"American Chestnut's Revival May Combat Climate Change"

"The American chestnut tree, which towered over eastern U.S. forests before succumbing to a deadly fungus in the early 20th century, appears to be an excellent sponge for greenhouse gases, according to a new study.

If scientists can develop a fungus-resistant version of the tree, the chestnut could play a key role in the battle against climate change, Purdue University scientists say.

'Maintaining or increasing forest cover has been identified as an important way to slow climate change,' said Douglass Jacobs, whose chestnut tree study appears in the June issue of Forest Ecology and Management.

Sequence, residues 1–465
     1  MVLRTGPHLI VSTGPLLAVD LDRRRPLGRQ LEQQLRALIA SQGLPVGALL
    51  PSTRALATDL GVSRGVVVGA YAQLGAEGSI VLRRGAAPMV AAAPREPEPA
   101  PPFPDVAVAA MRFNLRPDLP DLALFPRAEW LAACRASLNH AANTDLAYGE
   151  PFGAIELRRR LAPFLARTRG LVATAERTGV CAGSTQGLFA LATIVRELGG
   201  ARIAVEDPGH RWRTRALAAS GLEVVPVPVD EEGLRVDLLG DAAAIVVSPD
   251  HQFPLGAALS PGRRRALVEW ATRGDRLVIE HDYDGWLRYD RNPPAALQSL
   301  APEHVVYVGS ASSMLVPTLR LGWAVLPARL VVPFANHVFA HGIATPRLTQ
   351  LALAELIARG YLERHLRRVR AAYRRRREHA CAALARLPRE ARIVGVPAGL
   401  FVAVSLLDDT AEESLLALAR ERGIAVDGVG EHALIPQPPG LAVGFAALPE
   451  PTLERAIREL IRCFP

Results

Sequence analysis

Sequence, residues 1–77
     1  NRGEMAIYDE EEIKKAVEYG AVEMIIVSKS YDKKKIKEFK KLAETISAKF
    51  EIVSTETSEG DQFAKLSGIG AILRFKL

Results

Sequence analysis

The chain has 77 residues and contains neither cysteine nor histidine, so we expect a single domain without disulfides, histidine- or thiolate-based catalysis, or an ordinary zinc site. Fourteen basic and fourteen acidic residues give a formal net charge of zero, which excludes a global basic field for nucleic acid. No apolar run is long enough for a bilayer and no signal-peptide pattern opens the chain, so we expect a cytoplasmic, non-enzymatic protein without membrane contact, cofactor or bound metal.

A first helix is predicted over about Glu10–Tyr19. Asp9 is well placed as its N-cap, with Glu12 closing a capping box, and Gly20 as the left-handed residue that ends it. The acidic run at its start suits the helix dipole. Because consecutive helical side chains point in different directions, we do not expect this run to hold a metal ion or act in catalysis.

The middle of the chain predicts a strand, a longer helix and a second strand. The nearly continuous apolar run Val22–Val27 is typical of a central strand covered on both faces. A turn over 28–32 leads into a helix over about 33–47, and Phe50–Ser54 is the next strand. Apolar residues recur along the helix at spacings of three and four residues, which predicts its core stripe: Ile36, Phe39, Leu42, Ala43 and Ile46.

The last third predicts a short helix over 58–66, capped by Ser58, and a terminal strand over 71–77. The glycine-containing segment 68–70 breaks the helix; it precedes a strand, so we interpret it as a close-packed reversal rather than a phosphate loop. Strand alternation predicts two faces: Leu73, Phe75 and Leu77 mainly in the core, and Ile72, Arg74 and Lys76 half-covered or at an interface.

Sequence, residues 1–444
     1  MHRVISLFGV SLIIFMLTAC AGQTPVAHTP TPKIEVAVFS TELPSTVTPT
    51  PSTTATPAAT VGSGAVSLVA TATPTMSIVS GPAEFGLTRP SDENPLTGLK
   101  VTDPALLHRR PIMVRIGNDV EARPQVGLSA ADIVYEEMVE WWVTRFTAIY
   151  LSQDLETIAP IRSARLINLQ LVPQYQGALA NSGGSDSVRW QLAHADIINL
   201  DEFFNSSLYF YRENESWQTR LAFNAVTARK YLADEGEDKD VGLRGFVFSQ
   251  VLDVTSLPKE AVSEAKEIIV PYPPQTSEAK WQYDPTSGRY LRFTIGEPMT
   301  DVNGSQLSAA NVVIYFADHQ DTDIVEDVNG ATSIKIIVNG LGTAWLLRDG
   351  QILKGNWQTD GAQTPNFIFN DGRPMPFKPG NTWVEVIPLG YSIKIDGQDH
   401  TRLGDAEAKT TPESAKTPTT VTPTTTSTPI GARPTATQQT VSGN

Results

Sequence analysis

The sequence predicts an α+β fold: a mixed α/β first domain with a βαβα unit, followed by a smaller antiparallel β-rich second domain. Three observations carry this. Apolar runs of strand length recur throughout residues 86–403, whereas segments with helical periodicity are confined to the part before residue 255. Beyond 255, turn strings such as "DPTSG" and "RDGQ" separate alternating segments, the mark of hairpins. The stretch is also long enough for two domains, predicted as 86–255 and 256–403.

In a study conducted at four sites in southwestern Wisconsin, the American chestnut grew much faster and larger than the black walnut and northern red oak, allowing it to soak up more carbon dioxide, the study found. The tree's higher carbon capacity makes it an ideal candidate for forest restoration projects and carbon offset schemes, particularly on marginal farmland in the Midwest."

Phil Taylor reports for Greenwire in the New York Times July 1, 2009.

Thursday, July 2, 2009